The latency-associated nuclear antigen (LANA) of Kaposi's sarcoma-associated herpesvirus (KSHV) is expressed in all KSHV-associated malignancies. LANA is essential for replication and maintenance of the viral episomes during latent infection. However, LANA also has a transcriptional regulatory role and can affect gene expression both positively and negatively. A previously performed yeast two-hybrid screen identified glycogen synthase kinase 3 (GSK-3) as a LANA-interacting protein. Interaction with both GSK-3α and GSK-3β was confirmed in transfected cells with coprecipitation assays. GSK-3β also interacted with the herpesvirus saimiri homolog ORF73. GSK-3β is an intermediate in the Wnt signaling pathway and a negative regulator of β-catenin. In transfected cells, LANA was shown to overcome GSK-3β-mediated degradation of β-catenin. Examination of primary effusion lymphoma (PEL) cells found increased levels of β-catenin relative to KSHV-negative B cells, and this translated into increased activity of a β-catenin-responsive reporter containing Tcf/Lef binding sites. In tetradecanoyl phorbol acetate-treated PEL cells, loss of LANA expression correlated temporally with loss of detectable β-catenin. LANA was found to alter the intracellular distribution of GSK-3β so that nuclear GSK-3β was more readily detectable in the presence of LANA. Mapping experiments with coimmunoprecipitation assays revealed that both N-terminal and C-terminal LANA sequences were required for efficient GSK-3β interaction. LANA mutants that were defective for GSK-3β interaction were unable to mediate GSK-3β relocalization or activate a β-catenin-responsive Tcf-luciferase reporter. This study identified manipulation of GSK-3β activity as a mechanism by which LANA may modify transcriptional activity and contribute to the phenotype of primary effusion lymphoma.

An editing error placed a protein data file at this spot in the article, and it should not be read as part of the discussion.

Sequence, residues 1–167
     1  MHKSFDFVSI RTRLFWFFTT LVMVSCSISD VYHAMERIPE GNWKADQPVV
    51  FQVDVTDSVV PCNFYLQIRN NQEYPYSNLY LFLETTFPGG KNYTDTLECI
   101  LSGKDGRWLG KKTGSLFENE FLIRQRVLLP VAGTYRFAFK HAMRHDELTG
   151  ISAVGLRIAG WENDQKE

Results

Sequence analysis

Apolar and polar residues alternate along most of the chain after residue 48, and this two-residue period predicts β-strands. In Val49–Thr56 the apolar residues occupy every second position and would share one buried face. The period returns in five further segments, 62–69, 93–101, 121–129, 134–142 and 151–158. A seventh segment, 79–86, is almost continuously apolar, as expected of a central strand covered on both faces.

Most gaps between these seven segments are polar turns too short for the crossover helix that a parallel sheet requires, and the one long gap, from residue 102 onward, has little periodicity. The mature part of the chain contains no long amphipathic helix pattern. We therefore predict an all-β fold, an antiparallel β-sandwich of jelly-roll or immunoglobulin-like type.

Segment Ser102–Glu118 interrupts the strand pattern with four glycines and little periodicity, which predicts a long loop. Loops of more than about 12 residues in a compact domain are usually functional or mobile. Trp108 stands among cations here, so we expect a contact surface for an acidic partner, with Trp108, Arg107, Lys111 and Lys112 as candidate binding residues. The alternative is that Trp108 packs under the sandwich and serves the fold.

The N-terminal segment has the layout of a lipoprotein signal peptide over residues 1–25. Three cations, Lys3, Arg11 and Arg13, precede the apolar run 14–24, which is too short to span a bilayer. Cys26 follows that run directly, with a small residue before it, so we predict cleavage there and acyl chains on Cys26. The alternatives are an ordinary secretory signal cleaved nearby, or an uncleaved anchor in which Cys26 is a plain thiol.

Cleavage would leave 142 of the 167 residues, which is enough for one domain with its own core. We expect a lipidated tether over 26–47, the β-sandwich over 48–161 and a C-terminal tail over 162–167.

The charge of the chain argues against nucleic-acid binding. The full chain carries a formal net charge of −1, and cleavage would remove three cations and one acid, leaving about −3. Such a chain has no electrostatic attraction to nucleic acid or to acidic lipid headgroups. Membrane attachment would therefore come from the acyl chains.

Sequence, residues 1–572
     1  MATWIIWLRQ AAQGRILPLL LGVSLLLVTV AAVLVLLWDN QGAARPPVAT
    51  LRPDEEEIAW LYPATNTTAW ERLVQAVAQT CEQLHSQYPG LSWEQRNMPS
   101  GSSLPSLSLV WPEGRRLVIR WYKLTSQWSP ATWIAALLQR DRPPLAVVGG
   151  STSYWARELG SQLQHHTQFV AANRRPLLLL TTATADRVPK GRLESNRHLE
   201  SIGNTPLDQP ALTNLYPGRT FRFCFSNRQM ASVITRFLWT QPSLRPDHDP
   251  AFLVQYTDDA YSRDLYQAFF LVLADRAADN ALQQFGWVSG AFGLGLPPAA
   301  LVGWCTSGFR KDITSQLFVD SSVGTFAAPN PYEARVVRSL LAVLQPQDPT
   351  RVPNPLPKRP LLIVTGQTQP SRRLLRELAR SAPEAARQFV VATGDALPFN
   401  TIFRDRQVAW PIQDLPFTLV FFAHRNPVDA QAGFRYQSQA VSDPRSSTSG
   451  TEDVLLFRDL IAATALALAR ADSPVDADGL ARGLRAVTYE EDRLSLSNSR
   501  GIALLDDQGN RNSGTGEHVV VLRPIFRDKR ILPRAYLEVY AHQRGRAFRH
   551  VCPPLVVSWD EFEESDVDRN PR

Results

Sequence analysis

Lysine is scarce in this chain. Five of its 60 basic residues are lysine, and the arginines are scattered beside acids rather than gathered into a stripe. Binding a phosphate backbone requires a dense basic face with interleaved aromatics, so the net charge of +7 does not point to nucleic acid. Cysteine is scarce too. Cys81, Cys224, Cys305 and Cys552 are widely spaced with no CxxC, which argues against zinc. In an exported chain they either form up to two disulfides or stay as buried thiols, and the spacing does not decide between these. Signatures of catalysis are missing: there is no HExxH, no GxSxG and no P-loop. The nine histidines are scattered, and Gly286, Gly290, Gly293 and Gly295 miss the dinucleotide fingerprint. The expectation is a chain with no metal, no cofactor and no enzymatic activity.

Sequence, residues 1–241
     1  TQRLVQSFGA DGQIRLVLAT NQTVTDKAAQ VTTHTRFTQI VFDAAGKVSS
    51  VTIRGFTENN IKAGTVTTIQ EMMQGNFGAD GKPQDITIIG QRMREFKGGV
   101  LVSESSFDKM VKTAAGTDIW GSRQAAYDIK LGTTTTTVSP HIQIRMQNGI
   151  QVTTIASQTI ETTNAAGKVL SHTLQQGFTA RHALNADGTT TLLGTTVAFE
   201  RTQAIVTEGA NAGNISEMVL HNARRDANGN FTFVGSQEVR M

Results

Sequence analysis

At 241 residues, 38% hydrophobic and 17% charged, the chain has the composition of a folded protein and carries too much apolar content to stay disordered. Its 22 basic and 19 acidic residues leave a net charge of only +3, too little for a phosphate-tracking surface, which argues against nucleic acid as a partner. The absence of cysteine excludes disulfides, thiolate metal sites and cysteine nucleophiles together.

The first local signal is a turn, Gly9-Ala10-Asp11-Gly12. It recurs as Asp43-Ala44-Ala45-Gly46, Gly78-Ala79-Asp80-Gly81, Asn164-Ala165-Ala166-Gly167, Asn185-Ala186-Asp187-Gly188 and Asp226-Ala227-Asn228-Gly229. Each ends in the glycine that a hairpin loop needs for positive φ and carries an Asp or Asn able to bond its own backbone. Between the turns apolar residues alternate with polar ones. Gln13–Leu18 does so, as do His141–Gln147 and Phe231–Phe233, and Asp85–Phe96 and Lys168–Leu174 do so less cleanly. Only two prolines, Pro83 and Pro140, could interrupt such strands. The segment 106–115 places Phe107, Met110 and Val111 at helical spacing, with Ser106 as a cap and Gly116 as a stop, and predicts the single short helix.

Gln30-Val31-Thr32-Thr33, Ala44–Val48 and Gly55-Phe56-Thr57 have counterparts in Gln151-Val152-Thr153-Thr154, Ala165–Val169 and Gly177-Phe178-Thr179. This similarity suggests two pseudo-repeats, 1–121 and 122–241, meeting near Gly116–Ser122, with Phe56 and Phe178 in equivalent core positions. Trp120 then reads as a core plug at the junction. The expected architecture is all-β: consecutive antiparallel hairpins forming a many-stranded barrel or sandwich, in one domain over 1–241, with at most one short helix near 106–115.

ASJC Scopus subject areas
- Insect Science